Donald Trump eyes a Georgia judge as a Supreme Court contender

July 19, 2012 - Atlanta - Gov. Nathan Deal swore in the state's newest member of the Georgia Supreme Court -- Keith Blackwell -- in a ceremony in the House chambers at the Capitol. BOB ANDRES / BANDRES@AJC.COM

Gov. Nathan Deal swears in Keith Blackwell in 2012.  BOB ANDRES / BANDRES@AJC.COM

Republican Donald Trump released an expanded list of potential U.S. Supreme Court nominees on Friday that includes the name of a conservative Georgia jurist.

Georgia Supreme Court Justice Keith Blackwell is on the New York businessman’s updated list of High Court contenders that also includes U.S. Sen. Mike Lee of Utah, an outspoken Trump critic, and Federico Moreno, one of the first Hispanic judges appointed to the federal bench in Florida.

Blackwell, a former Cobb County prosecutor and state Court of Appeals judge, was tapped to the state’s top bench in 2012 by Gov. Nathan Deal. He is Deal’s only appointee to the Georgia Supreme Court, though the governor is set to make three new appointments to the newly-expanded bench this year and at least one more before his term ends in 2019.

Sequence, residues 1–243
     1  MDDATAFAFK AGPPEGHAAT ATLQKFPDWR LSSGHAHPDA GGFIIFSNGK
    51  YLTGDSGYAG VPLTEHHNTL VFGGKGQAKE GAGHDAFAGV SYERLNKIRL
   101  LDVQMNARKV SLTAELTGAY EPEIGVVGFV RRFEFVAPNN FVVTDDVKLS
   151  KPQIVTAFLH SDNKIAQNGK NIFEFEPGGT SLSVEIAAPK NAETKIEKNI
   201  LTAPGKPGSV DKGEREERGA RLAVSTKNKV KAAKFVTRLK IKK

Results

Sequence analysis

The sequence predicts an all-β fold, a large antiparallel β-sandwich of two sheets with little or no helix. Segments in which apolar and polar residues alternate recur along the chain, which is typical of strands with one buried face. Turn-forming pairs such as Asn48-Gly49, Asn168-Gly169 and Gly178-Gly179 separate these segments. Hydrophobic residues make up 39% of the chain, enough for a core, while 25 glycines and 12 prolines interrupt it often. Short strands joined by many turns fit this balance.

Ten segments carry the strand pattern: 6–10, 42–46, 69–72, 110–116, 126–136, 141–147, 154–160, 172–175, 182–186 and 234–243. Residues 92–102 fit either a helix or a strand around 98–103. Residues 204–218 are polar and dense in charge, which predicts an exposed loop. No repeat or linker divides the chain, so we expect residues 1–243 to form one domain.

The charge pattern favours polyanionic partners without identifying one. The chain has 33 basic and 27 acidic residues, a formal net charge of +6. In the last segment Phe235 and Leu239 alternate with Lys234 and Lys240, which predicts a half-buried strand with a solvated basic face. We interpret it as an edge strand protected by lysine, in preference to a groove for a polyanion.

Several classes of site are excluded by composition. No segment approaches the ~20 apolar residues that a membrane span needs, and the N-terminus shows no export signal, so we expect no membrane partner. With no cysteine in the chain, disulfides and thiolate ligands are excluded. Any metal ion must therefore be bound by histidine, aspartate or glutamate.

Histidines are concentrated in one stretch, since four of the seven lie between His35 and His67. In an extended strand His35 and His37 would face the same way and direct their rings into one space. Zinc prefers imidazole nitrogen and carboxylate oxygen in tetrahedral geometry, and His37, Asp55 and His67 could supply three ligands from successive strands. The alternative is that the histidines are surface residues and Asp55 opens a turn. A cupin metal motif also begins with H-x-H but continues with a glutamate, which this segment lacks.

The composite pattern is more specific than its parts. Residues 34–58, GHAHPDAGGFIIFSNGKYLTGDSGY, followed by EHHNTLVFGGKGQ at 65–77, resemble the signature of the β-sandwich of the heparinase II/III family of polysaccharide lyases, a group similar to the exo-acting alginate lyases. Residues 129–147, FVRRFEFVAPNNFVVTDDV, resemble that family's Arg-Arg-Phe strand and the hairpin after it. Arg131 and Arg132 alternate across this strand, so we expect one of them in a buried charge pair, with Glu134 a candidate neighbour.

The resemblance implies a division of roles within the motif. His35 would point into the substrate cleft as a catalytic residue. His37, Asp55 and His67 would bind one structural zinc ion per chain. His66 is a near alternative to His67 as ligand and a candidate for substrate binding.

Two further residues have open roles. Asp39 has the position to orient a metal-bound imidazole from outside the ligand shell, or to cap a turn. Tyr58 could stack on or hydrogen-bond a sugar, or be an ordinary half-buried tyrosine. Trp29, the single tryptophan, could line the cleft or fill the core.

Candidates don’t typically release a short-list of potential Supreme Court bench, but Trump unveiled an initial list that included the names of 11 finalists in May as he tried to calm concerns as he tried to calm concerns that he wouldn’t select conservative jurists to the bench.

The expanded group that includes Blackwell and nine other names was released Friday and Trump called it a “definitive” list he would use to tap a nominee. He said conservative groups, including the Heritage Foundation and Federalist Society, helped his campaign come up with the potential picks.

The fate of the U.S. Supreme Court has become a campaign mainstay of Trump in the final stretch before the election. Trump has frequently reminded his Republican critics who are gravitating toward Hillary Clinton or considering sitting out the race that the makeup of the Supreme Court is on the line, and even some of his most ardent skeptics in Georgia say they are backing him primarily because they are worried about the judiciary’s future. 


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